Atmospheric Chemistry

Discussion Questions

The Atmosphere

The atmospheric chemistry studies the chemical composition of the natural atmosphere, the way gases, liquids, and solids in the atmosphere interact with each other and with the earth's surface and associated biota, and how human activities may be changing the chemical and physical characteristics of the atmosphere. It is interesting to note that the 1995 Nobel Prize in Chemistry 1995 was awarded to the atmospheric scientists P. Crutzen, M. Molina and F. S. Rowland.

How do atmospheric scientists view the atmosphere?

For convenience of study, atmospheric scientists divide the atmosphere as if it consists of 4 layers. The division is mainly due to temperature variations as the altitude increases. The 4 layers according to the variation of temperature are. Ionosphere (Aurora) or Thermosphere
Mesosphere
Stratosphere
Troposphere
Above 100 km is the thermosphere and ionosphere where the temperature increases from 200 K at 100 km to 500 K at 300 km. The temperature goes even higher as the altitude increases. activity as the altitude decrease. In the outer space, most particles consist of single atoms, H, He, and O etc. At lower altitude (200 - 100 km), diatomic molecules N2, O2, NO etc are present. The ionosphere is full of electrically charged ions. The UV rays ionizes these gases. The major reactions are

In the ionosphere:
O + h v ® O+ + e
N + h v ® N+ + e
In the neutral thermosphere:
N + O2 ® NO + O
N + NO ® N2 + O
O + O ® O2
Beyond the neutral thermosphere is the ionosphere and exosphere. These layers are of course interesting for space explorations and environmental concerns and space sciences. The atmosphere in the outer space is more like a plasma than a gas.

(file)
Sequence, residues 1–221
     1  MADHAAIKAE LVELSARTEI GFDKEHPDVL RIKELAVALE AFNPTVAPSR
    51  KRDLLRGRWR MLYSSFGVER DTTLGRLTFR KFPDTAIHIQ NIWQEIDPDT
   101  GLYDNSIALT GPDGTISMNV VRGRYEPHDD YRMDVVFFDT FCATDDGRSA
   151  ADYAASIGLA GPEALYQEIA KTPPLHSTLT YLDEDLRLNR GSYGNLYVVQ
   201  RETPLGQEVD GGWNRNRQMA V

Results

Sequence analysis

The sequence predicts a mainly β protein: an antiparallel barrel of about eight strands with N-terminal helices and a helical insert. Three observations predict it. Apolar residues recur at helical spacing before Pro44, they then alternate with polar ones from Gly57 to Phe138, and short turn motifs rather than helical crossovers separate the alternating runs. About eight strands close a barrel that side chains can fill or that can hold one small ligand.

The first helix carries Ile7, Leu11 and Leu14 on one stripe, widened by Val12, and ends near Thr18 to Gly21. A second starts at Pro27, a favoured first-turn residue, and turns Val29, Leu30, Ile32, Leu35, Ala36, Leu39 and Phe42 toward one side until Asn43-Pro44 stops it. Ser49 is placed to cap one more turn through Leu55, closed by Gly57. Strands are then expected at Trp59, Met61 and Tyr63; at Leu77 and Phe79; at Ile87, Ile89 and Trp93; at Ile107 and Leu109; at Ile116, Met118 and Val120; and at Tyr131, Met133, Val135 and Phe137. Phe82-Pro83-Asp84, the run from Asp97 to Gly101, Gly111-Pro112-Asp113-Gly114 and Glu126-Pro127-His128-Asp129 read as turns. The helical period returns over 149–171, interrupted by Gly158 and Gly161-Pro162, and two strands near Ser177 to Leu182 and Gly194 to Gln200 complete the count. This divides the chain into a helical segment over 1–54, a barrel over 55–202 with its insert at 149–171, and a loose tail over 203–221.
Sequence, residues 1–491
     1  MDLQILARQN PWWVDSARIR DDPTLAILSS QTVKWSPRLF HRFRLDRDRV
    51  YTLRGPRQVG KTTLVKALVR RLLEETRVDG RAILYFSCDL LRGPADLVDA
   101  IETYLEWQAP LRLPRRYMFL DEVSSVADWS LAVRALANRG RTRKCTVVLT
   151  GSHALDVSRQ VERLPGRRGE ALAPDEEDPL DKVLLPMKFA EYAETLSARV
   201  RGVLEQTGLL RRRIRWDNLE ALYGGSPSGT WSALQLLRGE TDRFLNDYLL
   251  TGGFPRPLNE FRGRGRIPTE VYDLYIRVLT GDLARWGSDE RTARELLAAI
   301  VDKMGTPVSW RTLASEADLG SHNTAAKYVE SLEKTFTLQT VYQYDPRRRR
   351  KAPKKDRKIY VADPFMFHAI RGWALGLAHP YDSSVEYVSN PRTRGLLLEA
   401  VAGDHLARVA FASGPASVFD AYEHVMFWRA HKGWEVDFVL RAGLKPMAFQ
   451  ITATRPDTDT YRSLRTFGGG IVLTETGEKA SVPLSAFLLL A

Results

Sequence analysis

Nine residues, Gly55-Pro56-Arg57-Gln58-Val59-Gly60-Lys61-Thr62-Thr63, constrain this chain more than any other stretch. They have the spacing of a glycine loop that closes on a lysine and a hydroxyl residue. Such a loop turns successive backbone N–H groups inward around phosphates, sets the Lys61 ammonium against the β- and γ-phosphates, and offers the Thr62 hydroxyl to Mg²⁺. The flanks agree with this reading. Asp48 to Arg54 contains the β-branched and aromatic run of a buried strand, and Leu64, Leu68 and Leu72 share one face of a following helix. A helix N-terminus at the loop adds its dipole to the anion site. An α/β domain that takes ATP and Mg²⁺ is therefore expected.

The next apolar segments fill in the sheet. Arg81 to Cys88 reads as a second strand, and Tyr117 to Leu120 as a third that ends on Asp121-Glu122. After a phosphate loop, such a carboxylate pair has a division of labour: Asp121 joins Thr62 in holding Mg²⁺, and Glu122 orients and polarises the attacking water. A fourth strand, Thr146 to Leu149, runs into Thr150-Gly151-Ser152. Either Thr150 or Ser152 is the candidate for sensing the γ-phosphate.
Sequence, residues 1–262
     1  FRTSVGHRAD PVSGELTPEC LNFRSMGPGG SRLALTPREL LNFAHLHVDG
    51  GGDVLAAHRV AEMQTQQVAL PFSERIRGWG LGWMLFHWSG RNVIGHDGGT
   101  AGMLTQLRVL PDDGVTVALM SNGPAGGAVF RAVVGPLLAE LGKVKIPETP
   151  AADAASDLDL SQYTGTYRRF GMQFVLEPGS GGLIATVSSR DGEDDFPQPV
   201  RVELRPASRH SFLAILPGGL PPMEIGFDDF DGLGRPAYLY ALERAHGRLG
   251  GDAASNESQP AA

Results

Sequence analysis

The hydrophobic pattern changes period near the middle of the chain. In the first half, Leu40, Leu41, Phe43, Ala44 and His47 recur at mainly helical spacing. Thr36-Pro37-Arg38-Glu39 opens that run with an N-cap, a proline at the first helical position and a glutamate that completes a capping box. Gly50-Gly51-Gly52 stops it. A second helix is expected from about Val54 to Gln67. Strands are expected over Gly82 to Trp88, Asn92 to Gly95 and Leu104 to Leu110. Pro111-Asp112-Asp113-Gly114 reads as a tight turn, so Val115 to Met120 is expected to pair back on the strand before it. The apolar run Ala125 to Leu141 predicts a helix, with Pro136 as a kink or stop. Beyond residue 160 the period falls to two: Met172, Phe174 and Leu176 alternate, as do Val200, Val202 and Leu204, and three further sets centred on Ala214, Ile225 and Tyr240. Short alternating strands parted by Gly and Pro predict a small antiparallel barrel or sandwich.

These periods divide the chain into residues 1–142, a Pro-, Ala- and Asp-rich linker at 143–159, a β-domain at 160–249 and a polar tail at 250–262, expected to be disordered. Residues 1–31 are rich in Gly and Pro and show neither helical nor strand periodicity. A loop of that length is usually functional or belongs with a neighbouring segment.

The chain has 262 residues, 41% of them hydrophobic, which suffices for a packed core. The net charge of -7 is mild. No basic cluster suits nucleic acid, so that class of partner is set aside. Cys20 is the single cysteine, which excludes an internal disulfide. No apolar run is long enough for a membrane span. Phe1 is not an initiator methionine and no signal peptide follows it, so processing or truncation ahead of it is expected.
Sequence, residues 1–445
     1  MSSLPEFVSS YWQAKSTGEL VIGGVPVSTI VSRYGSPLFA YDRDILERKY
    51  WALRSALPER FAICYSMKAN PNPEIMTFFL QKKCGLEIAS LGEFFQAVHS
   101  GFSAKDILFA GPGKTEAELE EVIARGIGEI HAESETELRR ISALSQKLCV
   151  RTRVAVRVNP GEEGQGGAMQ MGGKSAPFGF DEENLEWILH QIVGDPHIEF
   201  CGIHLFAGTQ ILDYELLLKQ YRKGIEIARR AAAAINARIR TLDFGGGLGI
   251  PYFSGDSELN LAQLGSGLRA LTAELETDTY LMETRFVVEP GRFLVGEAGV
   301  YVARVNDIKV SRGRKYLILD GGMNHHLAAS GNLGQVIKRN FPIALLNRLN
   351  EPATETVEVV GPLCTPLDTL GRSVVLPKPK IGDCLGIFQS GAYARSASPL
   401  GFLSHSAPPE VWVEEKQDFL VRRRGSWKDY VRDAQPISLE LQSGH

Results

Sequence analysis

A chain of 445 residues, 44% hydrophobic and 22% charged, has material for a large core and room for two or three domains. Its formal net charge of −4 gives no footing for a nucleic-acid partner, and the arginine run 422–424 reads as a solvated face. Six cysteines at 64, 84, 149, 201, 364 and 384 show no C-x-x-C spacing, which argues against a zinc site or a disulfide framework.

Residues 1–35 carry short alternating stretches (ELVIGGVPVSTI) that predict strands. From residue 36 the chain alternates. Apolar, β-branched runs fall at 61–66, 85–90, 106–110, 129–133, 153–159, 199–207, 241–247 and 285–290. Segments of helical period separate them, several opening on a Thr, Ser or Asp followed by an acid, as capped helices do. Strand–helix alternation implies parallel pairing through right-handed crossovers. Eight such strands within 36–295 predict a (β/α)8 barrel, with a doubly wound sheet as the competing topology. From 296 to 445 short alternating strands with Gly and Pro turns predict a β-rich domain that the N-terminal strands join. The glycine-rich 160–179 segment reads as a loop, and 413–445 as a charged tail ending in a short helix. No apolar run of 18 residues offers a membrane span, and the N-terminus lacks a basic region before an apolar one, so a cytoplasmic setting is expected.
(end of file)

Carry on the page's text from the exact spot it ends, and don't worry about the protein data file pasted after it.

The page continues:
Below the thermosphere is the mesosphere (100 - 50 km) in which the temperature decreases as the altitude increase. In this region, OH, H, NO, HO2, O2, and O3 are common, and the most prominent chemical reactions are:

H2O + h v ® OH + H
H2O2 + O ® OH + OH.

Below the mesosphere is the stratosphere, in which the temperature increases as the altitude increase from 10 km to 50 km. In this region, the following reactions are common:

NO2 ® NO + O
N2O ® N2 + O
H2 + O ® OH + H
CH4 + O ® OH + CH3

Air flow is horizontal in the stratoshpere. A thin ozone layer in the upper stratosphere has a high concentration of ozone. This layer is primarily responsible for absorbing the ultraviolet radiation from the sun. The ozone is generated by these reactions:

O2 + h v ® O + O
O2 + O ® O3

The troposphere is where all weather takes place; it is the region of rising and falling packets of air. The air pressure at the top of the troposphere is only 10% of that at sea level (0.1 atmospheres). There is a thin buffer zone between the troposphere and the next layer called the tropopause.

The major components in the region close to the surface of the Earth are N2 (78%), O2 (21%), Ar (1%) with variable amounts of H2O, CO2, CH4, NO2, NO2, CO, N2O, and O3. The ozone concentration in this layer is low, about 8% of the total ozone in the atmosphere is in the troposphere.

All the weather phenomena happen in the troposphere. If you want to know the current weather condition, check the AccuWeather network for a good view of the troposphere.

What gases are pollutants in the atmosphere?

From the atmospheric science viewpoint, interactions of all gasses amoung themselves and their interaction with the environmental elements are of interest. However, for identification purposes, we need to identify the gases produced by man-made process (industry).

Some of the gases due to human activities are:

Water vapour is also considered a greenhouse gas, but it is also generated by nature contineously due to radiation from the Sun. Of course, when water vapour condense into a liquid, much energy is released in the exthermal process. Condensation of watervapour causes storms and many of the weather phenomena.

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